Working part-time


The number of people working part-time has increased in the past few years. The rights of part-time employees are protected by law, so they cannot generally be treated less favourably than comparable full-time employees.

Guidance for employers on developing part-time working is set out in the Code of Practice on Access to Part-Time Work. It states that employers should consider how to introduce opportunities for part-time work and should maximise the range of jobs available for part-time work. They are also expected to have policies on improving access to part-time work.


Who is a part-time employee?

A part-time employee in Ireland is defined in law as an employee whose normal hours of work are less than the normal hours of work of an employee who is a comparable employee.

A comparable employee means a full-time employee that a part-time employee compares themselves with, i.e. they do the same work or work of a similar nature for the same employer. For example, if you are a part-time sales assistant, you would compare yourself to a full-time sales assistant who is doing the same job as you, in the same shop.

The rights of part-time employees are protected in law through the Protection of Employees (Part-Time Work) Act 2001.

The Act applies to any part-time worker in Ireland and generally includes people:

  • With a contract of employment or an apprenticeship
  • Sharing a job with another person
  • Employed through an employment agency
  • Holding office in the service of the State (such as employees of An Garda Síochána, the Defence Forces, the civil service, the HSE, a harbour authority or an Education and Training Board)

In the case of agency workers, whoever is paying their wages will normally be considered to be the employer for the purposes of the Act (whether it is the employment agency or the company). They are also responsible for ensuring that part-time employees are not treated in a less favourable manner than a comparable full-time employee.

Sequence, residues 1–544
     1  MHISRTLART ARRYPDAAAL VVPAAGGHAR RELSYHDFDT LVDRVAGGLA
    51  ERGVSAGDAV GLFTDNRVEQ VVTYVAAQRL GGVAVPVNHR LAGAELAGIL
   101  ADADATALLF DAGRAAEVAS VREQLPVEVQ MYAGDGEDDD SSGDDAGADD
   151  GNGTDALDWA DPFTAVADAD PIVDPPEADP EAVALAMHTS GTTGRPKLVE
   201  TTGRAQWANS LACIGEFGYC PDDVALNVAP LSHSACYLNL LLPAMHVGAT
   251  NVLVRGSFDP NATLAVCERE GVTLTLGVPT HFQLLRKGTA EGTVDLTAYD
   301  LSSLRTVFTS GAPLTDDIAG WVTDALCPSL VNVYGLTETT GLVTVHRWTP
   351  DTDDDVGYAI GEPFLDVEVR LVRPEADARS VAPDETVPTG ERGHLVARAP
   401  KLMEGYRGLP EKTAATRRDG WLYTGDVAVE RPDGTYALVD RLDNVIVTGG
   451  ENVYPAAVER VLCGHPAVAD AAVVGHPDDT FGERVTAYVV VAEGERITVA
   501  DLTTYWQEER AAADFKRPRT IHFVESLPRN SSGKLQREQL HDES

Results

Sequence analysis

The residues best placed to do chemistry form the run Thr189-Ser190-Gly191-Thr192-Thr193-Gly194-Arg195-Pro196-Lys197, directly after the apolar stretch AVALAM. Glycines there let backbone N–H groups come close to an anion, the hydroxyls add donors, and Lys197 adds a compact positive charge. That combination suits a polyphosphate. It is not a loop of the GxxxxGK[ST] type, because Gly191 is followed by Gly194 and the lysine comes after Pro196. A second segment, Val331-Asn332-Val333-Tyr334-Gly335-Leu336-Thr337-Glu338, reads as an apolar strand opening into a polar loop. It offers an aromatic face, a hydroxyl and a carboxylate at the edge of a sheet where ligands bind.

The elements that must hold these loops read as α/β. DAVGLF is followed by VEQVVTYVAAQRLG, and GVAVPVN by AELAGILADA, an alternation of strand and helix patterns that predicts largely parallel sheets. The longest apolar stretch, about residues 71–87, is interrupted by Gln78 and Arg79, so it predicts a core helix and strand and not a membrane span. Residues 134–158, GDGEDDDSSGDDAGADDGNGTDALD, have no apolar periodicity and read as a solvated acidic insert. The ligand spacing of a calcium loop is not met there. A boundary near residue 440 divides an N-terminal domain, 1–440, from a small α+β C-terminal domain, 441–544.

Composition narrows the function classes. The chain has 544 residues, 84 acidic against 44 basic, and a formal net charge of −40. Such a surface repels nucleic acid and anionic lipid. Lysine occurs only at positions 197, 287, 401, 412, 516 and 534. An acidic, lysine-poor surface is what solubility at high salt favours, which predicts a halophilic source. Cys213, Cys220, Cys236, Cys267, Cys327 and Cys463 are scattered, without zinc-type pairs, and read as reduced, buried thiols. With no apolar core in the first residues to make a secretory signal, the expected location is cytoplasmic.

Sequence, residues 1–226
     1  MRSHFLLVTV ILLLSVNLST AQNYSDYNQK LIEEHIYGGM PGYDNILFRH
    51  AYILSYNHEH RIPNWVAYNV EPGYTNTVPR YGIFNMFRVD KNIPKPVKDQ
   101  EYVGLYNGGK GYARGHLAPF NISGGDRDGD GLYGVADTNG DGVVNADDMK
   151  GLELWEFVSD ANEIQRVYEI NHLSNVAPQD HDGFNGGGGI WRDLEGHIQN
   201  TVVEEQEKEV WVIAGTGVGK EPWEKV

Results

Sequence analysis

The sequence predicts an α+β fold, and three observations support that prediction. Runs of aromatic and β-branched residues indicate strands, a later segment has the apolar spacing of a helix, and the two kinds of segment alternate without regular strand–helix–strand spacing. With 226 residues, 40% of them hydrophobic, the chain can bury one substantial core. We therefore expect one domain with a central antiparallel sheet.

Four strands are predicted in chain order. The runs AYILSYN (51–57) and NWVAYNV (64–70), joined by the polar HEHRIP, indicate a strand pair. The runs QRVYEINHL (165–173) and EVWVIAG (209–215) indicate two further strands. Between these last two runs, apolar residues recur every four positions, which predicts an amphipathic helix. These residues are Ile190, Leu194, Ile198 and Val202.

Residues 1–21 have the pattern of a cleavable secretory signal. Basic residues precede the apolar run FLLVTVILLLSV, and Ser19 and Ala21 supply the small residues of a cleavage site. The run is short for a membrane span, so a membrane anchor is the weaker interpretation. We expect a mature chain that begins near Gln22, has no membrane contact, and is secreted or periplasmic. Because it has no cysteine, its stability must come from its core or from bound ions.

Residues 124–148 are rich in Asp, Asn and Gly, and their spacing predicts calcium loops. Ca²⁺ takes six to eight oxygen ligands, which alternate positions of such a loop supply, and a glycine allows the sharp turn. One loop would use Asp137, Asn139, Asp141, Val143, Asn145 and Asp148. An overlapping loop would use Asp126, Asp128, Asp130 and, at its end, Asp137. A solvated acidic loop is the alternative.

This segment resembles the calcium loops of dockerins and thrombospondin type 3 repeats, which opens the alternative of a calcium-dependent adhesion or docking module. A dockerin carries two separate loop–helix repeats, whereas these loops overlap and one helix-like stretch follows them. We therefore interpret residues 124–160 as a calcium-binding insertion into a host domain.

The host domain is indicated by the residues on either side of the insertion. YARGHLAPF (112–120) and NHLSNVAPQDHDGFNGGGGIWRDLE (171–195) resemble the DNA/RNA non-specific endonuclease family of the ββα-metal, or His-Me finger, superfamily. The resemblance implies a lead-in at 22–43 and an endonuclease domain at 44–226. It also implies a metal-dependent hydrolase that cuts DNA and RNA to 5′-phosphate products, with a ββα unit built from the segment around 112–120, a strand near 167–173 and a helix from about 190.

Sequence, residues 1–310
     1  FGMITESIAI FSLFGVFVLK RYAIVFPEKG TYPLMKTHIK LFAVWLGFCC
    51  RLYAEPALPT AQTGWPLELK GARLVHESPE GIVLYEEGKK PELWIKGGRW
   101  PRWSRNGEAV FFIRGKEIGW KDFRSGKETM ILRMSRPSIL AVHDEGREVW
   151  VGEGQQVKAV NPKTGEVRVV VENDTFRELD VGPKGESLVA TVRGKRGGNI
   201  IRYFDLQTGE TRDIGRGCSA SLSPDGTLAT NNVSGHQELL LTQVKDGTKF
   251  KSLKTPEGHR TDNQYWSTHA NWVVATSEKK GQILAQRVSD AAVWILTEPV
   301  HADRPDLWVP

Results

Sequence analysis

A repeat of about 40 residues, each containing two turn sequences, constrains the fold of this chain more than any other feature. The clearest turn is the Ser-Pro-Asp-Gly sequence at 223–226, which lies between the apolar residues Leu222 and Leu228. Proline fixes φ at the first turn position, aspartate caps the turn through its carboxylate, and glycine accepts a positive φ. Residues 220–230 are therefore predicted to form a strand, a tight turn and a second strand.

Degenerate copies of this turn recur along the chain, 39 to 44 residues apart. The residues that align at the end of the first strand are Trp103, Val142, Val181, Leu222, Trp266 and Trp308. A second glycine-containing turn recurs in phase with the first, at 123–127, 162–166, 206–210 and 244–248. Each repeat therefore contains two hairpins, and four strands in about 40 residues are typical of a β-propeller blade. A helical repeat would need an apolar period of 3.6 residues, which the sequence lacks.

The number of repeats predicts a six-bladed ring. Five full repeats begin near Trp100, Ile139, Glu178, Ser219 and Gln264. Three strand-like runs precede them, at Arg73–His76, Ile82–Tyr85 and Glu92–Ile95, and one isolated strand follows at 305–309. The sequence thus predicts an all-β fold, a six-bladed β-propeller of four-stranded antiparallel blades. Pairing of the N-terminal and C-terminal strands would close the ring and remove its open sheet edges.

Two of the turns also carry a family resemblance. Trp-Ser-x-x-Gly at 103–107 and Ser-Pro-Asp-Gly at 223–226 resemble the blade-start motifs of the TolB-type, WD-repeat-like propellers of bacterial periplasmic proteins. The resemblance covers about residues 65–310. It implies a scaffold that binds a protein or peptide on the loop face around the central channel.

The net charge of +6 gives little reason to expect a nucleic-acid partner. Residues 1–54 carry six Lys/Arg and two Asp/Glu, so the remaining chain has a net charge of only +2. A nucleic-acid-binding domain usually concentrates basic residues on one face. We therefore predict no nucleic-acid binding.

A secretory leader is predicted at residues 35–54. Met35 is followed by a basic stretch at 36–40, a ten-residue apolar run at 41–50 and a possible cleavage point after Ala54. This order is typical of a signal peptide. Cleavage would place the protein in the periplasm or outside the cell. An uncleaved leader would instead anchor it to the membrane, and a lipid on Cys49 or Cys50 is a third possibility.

Can I change from full-time to part-time employment?

You do not have a legal right to change to part-time employment or to other flexible working arrangements such as job sharing or unpaid time off work. Your employer can refuse to let you change from full-time work to part-time work. Any change to your working patterns needs to be agreed between you and your employer.

How should my employer deal with my request to change to part-time work?

If you want to change to part-time work, your employer should have a procedure for dealing with your request. This should include consultation and discussion with you before they make a decision. Your employer should take certain factors into account such as your personal family needs, the implications for the organisation, the number of part-time employees, the equal opportunities policy and the staffing needs. If they refuse your request, they need to provide good reasons. For example, that the change would lead to staffing difficulties. They should give you their reasons for the refusal.

Your request should be considered on non-discriminatory grounds, in accordance with employment equality legislation.

If you have a complaint, dispute or a grievance about breaches of your employment rights you can be referred to the Workplace Relations Commission.

Can I work part-time after taking parental leave?

You are entitled to ask for a change in your work pattern or working hours for a set period of time when you return to work after taking parental leave. Your employer must consider your request and give you a response within 4 weeks, but is not obliged to grant it.

Can part-time workers be treated less favourably than full-time workers?

Employers cannot treat a part-time employee less favourably than a comparable full-time employee simply because of the fact that they work part-time. Employers can treat a part-time worker less favourably if they have objective grounds and the difference in treatment is appropriate and necessary for achieving a legitimate business objective. However, the different nature of casual work means that what may not be an objective ground for a non-casual part-time worker may be still be an objective ground for a casual part-time worker.

Who is a casual worker?

A casual worker is a part-time worker who works on a casual basis. Casual part-time workers are people with fewer than 13 continuous weeks’ service who are not in regular or seasonal employment, or who are casual based on a collective agreement.

An employee's service in an employment is viewed as continuous, until it ends by dismissal or by the worker choosing to leave.


However, people who share a job are viewed as part-time workers and have all the legal entitlements of part-time workers.

Flexible working

Flexible hours and other flexible working arrangements are generally at the discretion of employers and are not covered by specific legislation.

More information

See our document on the employment rights of part-time workers.

The Workplace Relations Commission has a guide to rights and obligations of part-time workers and their employers (pdf).

Further information on the rights of part-time employees is available from Workplace Relations Commission’s Information and Customer Service.

Workplace Relations Commission - Information and Customer Service

O'Brien Road
R93 E920

Opening Hours: Mon. to Fri. 9.30am to 1pm, 2pm to 5pm
Tel: (059) 917 8990
Locall: 1890 80 80 90
Page edited: 29 October 2019